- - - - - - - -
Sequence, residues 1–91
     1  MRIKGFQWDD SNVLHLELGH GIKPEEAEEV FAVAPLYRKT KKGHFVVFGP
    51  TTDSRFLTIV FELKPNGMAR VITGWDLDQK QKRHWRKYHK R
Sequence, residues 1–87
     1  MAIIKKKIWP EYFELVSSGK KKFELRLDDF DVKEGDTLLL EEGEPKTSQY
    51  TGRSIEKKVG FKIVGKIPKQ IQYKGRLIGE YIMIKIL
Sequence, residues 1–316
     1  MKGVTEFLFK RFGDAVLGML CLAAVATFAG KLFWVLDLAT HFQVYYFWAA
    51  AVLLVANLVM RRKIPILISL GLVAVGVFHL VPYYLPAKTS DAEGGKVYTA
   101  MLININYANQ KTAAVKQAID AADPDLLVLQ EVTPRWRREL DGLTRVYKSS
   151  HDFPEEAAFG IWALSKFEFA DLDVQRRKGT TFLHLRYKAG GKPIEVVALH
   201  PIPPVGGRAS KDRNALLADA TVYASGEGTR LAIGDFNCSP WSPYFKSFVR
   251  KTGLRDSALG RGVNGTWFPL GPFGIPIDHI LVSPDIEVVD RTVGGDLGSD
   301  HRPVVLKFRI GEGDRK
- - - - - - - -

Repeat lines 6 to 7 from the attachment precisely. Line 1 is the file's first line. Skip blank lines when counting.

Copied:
    51  TGRSIEKKVG FKIVGKIPKQ IQYKGRLIGE YIMIKIL
Sequence, residues 1–316